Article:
How do the Penguins become salary-cap compliant? |

How do the Penguins become salary-cap compliant?

Seth Rorabaugh
General manager Jim Rutherford has a few days to make the Penguins’ roster fit under the salary cap.

With their season opening in less than a week, the Penguins still have a handful of issues to sort out, most prominently their salary cap.

As their roster stands, they are projected to be $331,625 over the NHL’s limit of $81.5 million according to Cap Friendly, a website that tracks NHL salary information.

That overriding quandary will dictate how the Penguins sort out their roster, most notably their backup goaltending position and their defense. All NHL teams must be compliant with the salary cap by Monday. How will the Penguins accomplish that over the weekend?

General manager Jim Rutherford spoke by phone with the Tribune-Review on Thursday afternoon and addressed a number of subjects including backup goaltenders Casey DeSmith and Tristan Jarry, defenseman Jack Johnson, defensive prospect John Marino and his critique last spring of the roster being too content.

Yourself and head coach Mike Sullivan have said the battle for the backup goaltending job is open between DeSmith and Jarry. How has that competition progressed this preseason?

I think it’s progressed well from the fact that everybody has played very well. So, if you’re looking for an answer of who’s separated from who based on the play, I don’t think there was any separation.

It doesn’t sound like they’ve made your job easy in the event you need to trade one.

No. Part of what will dictate this decision will be the interest in one of them and how it plays out within our cap, which is very tight, as you know.

Jack Johnson is always a point of fierce discussion among media and fans. How have you assessed his preseason?

It’s been OK. I think for some reason, right from the start when he got here, there was more of a microscope on him. When you watch defense play on both sides of the rink in the games that we’ve played, there’s mistakes made. When Jack makes a mistake, it seems to get magnified like on the one goal in Detroit. But overall, I think Jack has played fine. He supposedly trained different, and it shows up in his mobility. I believe he’s more mobile. He’s had some times where’s he’s been paired with certain guys that he’s looked good. When he’s been with (prospect John) Marino, there seems to be some chemistry there. The coach is moving guys around, trying guys with different guys. I would say that his camp has been fine.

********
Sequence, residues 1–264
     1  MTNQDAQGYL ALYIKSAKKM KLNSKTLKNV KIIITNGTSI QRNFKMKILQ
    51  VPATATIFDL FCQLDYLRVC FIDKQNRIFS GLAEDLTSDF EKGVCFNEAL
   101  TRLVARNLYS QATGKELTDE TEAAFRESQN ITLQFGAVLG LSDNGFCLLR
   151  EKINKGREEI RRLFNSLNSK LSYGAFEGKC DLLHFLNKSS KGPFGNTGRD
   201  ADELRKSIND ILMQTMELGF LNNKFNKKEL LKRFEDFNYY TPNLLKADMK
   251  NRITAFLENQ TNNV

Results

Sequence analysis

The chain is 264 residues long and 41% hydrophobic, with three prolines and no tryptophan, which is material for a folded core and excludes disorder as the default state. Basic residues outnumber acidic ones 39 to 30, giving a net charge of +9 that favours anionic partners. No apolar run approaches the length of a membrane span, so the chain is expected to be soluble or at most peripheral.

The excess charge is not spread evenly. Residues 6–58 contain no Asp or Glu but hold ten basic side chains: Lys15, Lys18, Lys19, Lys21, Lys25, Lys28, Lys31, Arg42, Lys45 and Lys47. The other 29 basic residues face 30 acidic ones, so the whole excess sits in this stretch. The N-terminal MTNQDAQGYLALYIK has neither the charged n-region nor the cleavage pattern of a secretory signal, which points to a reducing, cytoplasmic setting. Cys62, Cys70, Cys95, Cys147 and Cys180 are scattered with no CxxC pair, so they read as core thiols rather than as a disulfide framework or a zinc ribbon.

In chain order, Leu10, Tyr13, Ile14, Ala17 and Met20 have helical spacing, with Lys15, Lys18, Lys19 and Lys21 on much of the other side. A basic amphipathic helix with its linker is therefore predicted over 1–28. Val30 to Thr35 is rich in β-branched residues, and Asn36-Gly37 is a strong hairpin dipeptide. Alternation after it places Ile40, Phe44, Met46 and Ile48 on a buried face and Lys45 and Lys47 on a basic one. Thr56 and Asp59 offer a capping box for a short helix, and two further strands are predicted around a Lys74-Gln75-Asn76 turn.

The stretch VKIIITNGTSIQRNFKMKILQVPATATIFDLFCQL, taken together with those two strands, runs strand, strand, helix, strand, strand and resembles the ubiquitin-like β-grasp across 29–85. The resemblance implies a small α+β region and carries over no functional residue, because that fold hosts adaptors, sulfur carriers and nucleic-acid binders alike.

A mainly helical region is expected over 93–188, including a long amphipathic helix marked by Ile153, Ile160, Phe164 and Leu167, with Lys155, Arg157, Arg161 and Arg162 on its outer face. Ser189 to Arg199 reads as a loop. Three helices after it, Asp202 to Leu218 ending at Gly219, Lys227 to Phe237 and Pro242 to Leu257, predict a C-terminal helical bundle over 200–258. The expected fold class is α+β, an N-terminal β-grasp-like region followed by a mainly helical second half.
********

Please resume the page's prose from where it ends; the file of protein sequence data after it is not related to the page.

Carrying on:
It sounds like you still view him as potentially having a future with this team. Has any decision been made regarding his status with the club moving forward?

No. In the meetings that I have with the coaching staff, they like what he does. They believe that he can do some things that other guys don’t do as well such as penalty killing and things like that. We’re going to have to do something with our defense because we like the way Marino has played. When you look at the cap and you look at the numbers on defense, we have to do something. But it doesn’t necessarily have to be Jack.

You mention Marino. Has he surprised you in this camp and preseason?

I had limited knowledge on Marino. (Director of player development) Scott Young and (special assignment scout) Kevin Stevens were the guys that followed him very closely last year. They were the guys that recommended we acquire this player. Not only recommended, but kind of pounded the table. They were (passionate) about his future as an NHL player. Everything they talked about in how they described this player has been accurate to the point that they felt that if we could acquire him and bring him out of school early, that he could play in the NHL this year. To this point, that’s been accurate.

Note: The Penguins acquired Marino’s signing rights from the Edmonton Oilers in a trade this past offseason.

How have your new forwards — Alex Galchenyuk, Dominik Kahun and Brandon Tanev — looked this preseason?